By Heather Keenan

I. Just. Need. Milk.

Four words. Here is the thing about those four words, they will send your afternoon into a whirlwind. Think I am being dramatic? Stay with me here.

With three kids in the house, milk is a staple. Honestly, I am not 100% sure what would happen if we did actually run out of milk and in no way, whatsoever, do I want to find out. Milk is a magical liquid in my home. It helps my little monsters gradually wake from their slumbers, while sitting on the couch, curled up in a fleece blanket as if we live in Iceland and not the American South. It helps when there is a boo-boo, that only 22 minutes of non interrupted Bubble Guppies and a nice cold sippy of milk, will soothe. It helps at 3am when my, good-thing-she-is-so-cute, toddler wakes and thinks it is time to rise. I am not even a milk drinker, but I love it, for all of those reasons, plus some. So, run out? No thanks….I will do it. I will go to the store, just for milk, all three kids in tow. Will it go smoothly? Sure, miracles happen all the time.

Step 1: We need a positive mental attitude. We are going to load up in the minivan in an orderly fashion with no one forgetting their shoes, and off we go.

Step 2: Find the Frozen songs on your phone and start jamming because the world may just stop on its axis if we drive .5 miles without belting out Let it Go.

Step 3: Arrive at the store, park, tell the big kids to unbuckle, go to get the baby out and realize that the four year old is, yet again, without shoes. Super. No biggie, in the cart she wedges as the baby screams that she is not the one being wedged into the cart, even though on any other day she would try to jump from said cart as if it were on fire.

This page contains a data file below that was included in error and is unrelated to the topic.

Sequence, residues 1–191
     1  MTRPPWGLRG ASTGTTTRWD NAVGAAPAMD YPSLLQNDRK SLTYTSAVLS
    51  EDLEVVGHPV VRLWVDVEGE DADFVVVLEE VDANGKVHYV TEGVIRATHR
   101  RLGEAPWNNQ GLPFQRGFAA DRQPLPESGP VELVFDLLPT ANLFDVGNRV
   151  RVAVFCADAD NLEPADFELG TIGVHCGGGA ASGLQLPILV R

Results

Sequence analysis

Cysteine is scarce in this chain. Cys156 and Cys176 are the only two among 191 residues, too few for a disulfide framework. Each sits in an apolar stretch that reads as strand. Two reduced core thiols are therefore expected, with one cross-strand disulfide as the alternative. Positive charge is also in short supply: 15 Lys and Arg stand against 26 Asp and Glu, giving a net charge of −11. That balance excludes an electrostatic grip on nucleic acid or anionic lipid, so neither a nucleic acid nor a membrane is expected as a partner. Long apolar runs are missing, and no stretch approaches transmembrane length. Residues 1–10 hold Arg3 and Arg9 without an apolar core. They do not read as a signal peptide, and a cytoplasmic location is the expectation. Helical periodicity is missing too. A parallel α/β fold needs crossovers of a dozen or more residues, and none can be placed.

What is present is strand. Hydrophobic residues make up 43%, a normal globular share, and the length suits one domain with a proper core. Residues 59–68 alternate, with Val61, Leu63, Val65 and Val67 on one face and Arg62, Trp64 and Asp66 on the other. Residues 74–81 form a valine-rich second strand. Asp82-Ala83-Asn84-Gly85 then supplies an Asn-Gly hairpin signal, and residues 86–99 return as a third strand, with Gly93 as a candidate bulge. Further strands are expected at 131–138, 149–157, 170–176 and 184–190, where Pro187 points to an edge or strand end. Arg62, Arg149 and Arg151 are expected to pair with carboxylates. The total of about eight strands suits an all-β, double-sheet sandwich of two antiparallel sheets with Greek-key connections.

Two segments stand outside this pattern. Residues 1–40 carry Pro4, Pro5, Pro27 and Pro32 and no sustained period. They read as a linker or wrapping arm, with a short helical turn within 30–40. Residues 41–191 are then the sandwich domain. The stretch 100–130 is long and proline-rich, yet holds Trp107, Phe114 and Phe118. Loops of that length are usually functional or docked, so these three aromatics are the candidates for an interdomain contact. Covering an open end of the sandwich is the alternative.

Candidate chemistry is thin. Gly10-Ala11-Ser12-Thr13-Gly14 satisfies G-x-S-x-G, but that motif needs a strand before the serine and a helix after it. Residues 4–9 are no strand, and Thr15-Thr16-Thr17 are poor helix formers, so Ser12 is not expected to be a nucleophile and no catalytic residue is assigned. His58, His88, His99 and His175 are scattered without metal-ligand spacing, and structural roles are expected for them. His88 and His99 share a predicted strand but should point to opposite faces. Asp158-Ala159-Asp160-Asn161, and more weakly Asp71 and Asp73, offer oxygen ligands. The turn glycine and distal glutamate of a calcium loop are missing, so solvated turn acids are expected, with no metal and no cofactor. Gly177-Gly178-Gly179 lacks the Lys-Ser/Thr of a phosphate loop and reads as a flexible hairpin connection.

Step 4: Wrestle the crying baby into the Ergo and instruct the 5 year old to hold onto the cart and walk. Fast.

Step 5: Enter the store and answer 17 “can we have” questions with a stern no. Someone really should write the grocers a thank you for all of those strategically placed cupcakes and balloons. I mean, it is nothing if not helpful to have to drag your children away from a cupcake stand when you have barely made it past the automatic doors. And don’t even get me started on balloons.

Step 6: Find the milk and book it to the check out. One check out is open because all of the other employees are working on the, previously mentioned, cupcake stands. Wait in line with everyone else. Everyone else who is buying their groceries for the week. Listen to your kids exclaim how they want a candy bar because they never get candy, you know, because you are a horrible witch of a mother.

Step 7: Pay and make your way back to the van. Strap the baby in the carseat, unload the shoeless four year old, and instruct the five year old to buckle. Randomly place your cart against the lamp post and know that someone sees you and is secretly judging your laziness. I mean, the cart return is RIGHT THERE.

Step 8: Drive home. Do You Want to Build a Snowman is a pretty catchy tune.

Step 9: Unload the kids, help them take off their shoes, go inside, survive.

Step 10: Where is the milk we just bought? Oh, you left it in the car. No biggie, except that was 2 hours ago and like I said, this is the American South, where milk can only survive in a refrigerated unit.

Load up the kids …